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5 Ways Parenting is Like The Newsroom

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Oscar-winning superscribe Aaron Sorkin's much-hyped show, The Newsroom, premiered on HBO last Sunday night to mixed reviews. Love it or hate it, there is no denying that parenting is a lot like being the executive producer of your own live news broadcast. Here are five reasons why.

1. You're living in a 24-hour cycle.
The news never stops, and neither does parenting. Disaster can happen anytime, anywhere, to anyone. Breaking news! Flash pee flood causes two-hour laundry pileup. This just in! A new tooth erupted on the Southern Gum Coast at 3 a.m. Details at 11 -- kids on bedtime strike stall negotiations until opposing forces are given chocolate pudding and an American Girl doll. And just think about it -- Wolf Blitzer doesn't live in his "Situation Room" 24 hours a day, but you sure do.

2. Sometimes, you have to throw away the script and wing it.
Every parent knows the best-laid parenting plans are just like that generic footage of pills being spilled out on a formica counter that every local newscast uses for medical reports: out of date and out of focus. Wouldn't it be great if there was a magic teleprompter cuing us all day long? "Up next, Baby struggles with important developmental milestone. Stay tuned as I, her mother, handle it with class, grace and appropriateness." Sadly, this is not the case. We're all constantly writing and re-writing our own script, day after day.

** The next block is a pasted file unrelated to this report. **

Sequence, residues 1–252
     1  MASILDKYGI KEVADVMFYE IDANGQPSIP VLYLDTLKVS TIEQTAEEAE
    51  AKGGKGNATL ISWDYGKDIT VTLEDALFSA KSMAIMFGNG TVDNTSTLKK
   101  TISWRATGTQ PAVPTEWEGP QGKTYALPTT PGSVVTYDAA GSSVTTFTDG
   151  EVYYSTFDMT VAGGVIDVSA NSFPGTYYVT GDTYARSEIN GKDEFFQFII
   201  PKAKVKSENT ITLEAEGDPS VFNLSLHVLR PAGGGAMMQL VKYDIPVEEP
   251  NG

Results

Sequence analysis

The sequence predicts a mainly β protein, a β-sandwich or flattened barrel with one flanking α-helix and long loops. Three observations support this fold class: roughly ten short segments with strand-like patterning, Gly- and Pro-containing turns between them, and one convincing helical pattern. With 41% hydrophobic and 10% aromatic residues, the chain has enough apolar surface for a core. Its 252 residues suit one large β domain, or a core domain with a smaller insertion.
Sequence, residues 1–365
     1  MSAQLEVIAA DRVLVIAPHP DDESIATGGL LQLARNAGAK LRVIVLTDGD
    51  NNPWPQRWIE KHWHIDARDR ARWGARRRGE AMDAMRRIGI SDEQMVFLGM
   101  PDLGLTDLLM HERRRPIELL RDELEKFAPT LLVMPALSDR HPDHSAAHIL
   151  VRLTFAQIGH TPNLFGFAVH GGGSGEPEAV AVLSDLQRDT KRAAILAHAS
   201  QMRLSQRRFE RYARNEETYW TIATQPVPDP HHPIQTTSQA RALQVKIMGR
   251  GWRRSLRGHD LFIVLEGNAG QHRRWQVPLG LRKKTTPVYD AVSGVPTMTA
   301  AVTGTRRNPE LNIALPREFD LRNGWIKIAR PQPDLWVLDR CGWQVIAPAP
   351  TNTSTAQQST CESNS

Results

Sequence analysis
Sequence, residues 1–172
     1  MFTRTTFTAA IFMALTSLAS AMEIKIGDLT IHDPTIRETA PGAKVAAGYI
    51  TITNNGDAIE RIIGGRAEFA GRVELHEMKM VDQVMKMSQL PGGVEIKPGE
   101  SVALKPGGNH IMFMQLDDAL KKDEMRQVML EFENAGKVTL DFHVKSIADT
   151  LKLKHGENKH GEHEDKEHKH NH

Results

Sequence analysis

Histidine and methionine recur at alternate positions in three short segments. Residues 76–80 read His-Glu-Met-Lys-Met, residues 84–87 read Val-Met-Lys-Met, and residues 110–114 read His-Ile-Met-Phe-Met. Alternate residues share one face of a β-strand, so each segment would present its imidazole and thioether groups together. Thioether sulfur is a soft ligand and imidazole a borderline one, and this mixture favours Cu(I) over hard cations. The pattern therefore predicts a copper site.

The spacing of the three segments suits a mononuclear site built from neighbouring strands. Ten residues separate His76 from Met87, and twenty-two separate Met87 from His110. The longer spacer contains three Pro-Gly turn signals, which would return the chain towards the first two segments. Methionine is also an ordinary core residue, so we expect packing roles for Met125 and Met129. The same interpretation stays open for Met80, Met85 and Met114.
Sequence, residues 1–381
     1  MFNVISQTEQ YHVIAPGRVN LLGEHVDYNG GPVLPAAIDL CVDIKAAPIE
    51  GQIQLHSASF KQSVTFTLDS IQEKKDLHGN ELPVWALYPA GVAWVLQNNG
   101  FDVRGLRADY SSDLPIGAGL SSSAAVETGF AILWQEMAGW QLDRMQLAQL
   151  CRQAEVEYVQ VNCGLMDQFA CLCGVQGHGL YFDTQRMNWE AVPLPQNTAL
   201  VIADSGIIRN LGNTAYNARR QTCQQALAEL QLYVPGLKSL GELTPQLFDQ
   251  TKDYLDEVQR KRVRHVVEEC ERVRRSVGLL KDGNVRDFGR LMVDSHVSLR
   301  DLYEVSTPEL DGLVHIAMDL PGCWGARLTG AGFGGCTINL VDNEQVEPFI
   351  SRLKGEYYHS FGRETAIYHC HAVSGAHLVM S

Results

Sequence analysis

3. You have a top-secret list of sources.
Everyone knows a good journalist never gives up her go-to sources. I never claimed to be a good journalist-- ergo, my sources are the jumperoo, a pacifier and puffs. And you can quote me on that.

4. It's all about keeping the talent happy.
Temper tantrums, poopy diapers, nap time. Good grief -- those primetime anchors are high maintenance! Sure, you might be doing all the hard behind-the-scenes work, but if the star of the show ain't happy, mama ain't happy.

5. Ratings are everything.
That big grin from your baby? A hug and kiss from your kiddo? Makes it all worthwhile.
Don't change that channel.

Read more from Liz Kozak at poseypieproductions.com.